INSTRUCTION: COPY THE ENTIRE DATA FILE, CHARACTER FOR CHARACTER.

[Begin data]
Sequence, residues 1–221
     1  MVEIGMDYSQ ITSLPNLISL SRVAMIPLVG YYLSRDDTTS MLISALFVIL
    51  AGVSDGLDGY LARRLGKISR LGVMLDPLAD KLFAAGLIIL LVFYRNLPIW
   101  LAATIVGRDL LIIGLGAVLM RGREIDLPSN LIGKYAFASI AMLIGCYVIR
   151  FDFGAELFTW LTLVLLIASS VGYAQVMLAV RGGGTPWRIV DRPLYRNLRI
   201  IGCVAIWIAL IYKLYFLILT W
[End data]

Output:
Sequence, residues 1–221
     1  MVEIGMDYSQ ITSLPNLISL SRVAMIPLVG YYLSRDDTTS MLISALFVIL
    51  AGVSDGLDGY LARRLGKISR LGVMLDPLAD KLFAAGLIIL LVFYRNLPIW
   101  LAATIVGRDL LIIGLGAVLM RGREIDLPSN LIGKYAFASI AMLIGCYVIR
   151  FDFGAELFTW LTLVLLIASS VGYAQVMLAV RGGGTPWRIV DRPLYRNLRI
   201  IGCVAIWIAL IYKLYFLILT W